let foo = 5;
Do you know register held the value 5 when executing that code? Do you even know what a register is or what are plausible answers to the question?
The correct answer to this question is: No, and I don’t care. Registers are locations in a CPU that can hold numerical values. Your computing device of choice calculates values using registers millions of times each second.
Way back when computers were young people programmed them using assembly languages. The languages directly tell CPUs what to do: load values into registers from memory, calculate other values in the registers, save values back to memory, etc.
Between 1943 and 1945, Konrad Zuse developed the first (or at least one of the first) high-level programming languages: Plankalkül. It wasn’t pretty by modern standards, but its thesis could be boiled down to: you will program more efficiently and effectively using logical formulas. A more blunt corollary might be: Stop programming CPU registers!
Software engineering is built upon the practice of developing higher-order abstractions for common tasks. Allow me to evince this pattern:
1837 — Charles Babbage: Stop computing by pencil and paper! (Analytical Engine)
1938 — Conrad Zuse: Stop computing by hand! (Z1, first electrical computer)
1950 — UNIVAC: Stop repeating yourself! (UNIVAC 1101, first computer with programs stored in memory)
1985 — Bjarne Stroustrup: Stop treating everything like primitives! (C++ language, introduced object-oriented-programming to the C language)
1995 — James Gosling: Stop tracking memory! (Java language makes garbage collection mainstream)
2006 — Amazon: Stop managing data centers! (AWS EC2 makes virtual servers easy)
2009 — Ryan Dahl: Stop futzing with threads! (Node.js introduces event/callback-based semantics)
2011 — Amazon: Stop provisioning resources manually! (AWS CloudFormation makes Infrastructure-As-Code easier)
2014 — Amazon: Stop managing servers! (AWS Lambda makes services “functional”)
Software engineers are always finding ways to make whatever “annoying thing” they have to deal with go away. They do this by building abstractions. It’s now time to build another abstraction.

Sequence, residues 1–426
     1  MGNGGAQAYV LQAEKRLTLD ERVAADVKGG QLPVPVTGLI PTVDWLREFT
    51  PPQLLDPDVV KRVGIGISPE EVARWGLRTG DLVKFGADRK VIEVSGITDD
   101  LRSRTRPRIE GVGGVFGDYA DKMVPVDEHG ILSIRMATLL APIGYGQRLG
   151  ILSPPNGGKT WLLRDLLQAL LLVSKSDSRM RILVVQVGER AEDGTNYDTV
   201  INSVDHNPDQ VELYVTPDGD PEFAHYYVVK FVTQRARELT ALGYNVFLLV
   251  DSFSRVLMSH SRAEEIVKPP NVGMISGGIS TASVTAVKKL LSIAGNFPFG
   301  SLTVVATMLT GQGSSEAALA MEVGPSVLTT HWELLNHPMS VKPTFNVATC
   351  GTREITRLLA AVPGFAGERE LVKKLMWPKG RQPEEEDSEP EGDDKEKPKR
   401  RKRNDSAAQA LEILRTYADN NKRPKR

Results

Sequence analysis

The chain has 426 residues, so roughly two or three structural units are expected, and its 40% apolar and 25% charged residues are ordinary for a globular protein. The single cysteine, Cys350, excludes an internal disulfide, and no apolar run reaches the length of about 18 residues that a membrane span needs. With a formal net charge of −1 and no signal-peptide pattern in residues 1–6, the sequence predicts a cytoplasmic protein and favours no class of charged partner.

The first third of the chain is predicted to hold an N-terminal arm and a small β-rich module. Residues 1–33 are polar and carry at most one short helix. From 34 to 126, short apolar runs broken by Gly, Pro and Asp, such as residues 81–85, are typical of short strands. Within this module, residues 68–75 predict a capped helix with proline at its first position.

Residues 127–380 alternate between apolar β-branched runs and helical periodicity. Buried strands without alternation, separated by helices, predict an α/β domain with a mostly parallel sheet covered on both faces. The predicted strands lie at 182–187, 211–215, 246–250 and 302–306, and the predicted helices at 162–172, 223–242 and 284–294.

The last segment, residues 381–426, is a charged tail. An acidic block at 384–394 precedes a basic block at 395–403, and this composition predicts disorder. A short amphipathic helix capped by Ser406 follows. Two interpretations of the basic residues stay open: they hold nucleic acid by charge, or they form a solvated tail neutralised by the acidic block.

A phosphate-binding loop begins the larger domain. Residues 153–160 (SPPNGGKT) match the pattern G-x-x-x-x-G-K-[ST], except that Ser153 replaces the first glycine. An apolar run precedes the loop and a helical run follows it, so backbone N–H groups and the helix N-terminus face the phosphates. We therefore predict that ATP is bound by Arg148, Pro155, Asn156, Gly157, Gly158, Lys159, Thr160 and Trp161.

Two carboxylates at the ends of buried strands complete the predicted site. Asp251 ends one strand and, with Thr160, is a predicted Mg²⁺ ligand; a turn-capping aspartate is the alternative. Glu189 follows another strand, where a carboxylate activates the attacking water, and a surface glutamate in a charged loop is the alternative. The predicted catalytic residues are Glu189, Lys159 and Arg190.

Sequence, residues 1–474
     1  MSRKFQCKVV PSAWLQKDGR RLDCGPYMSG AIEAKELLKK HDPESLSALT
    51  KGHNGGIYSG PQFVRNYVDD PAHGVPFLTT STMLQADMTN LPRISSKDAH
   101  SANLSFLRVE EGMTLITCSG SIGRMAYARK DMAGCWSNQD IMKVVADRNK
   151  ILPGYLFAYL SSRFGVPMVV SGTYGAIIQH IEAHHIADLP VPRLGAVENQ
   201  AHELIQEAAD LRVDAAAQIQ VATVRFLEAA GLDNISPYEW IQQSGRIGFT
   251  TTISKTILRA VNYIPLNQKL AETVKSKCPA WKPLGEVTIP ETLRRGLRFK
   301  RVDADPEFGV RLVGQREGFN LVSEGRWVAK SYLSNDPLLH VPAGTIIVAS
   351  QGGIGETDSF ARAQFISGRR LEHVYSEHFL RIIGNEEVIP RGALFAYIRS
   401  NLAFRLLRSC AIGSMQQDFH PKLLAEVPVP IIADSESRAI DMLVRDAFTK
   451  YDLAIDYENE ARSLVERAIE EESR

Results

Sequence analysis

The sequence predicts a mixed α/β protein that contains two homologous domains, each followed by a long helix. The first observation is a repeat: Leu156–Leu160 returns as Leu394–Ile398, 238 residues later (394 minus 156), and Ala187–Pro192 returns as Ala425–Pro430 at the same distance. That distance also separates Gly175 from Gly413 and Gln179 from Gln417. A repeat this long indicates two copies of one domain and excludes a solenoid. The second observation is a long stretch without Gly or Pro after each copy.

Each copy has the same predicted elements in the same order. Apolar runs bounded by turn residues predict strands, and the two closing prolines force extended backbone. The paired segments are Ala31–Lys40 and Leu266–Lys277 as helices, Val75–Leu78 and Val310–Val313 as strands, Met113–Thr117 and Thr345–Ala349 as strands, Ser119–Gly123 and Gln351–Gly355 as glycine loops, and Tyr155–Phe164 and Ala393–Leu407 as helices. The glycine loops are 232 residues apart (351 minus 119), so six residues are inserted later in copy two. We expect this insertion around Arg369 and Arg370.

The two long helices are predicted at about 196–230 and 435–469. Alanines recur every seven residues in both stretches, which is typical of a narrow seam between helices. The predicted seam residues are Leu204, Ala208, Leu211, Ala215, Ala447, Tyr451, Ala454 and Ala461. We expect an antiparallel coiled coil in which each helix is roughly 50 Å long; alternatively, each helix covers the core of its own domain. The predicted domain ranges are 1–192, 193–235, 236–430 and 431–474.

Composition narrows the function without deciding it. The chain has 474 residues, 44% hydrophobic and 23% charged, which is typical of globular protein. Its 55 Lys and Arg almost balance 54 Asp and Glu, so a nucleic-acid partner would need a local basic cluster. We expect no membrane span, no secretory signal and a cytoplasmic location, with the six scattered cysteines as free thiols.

The combination of infrastructure-as-code and serverless apps means developers are inundated with large, complex infrastructure templates, mostly written in YAML.
It’s time we learn from the past. We are humans who work at a logical, higher-order abstraction level. Infrastructure-as-code is meant to be consumed by computers. We need to abstract away the compiling of our logic into infrastructure code.
That’s what Stackery does. It turns this...
...into Serverless Application Model (SAM) YAML without asking the user to do anything more than drag and wire resources in a canvas. Stackery’s own backend is over 2,000 lines of YAML. We wouldn’t be able to manage it all without a tool that helps us both maintain and diagram the relationships between resources. It even performs this feat in both directions: you can take your existing SAM applications, import them into Stackery, and instantly visualize and extend the infrastructure architecture.
You may be a principal architect leading adoption of serverless in your organization. You may be perfectly capable of holding thousands of lines of infrastructure configuration in your head. But can everyone on your team do the same? Would your organization benefit from the automatic visualization and relationship/dependency management of a higher-order infrastructure-as-code abstraction?
As can be seen throughout the history of software engineering, the industry will move (and already is moving) to abstract away this lower level of engineering. Check out Stackery if you want to stay ahead of the curve.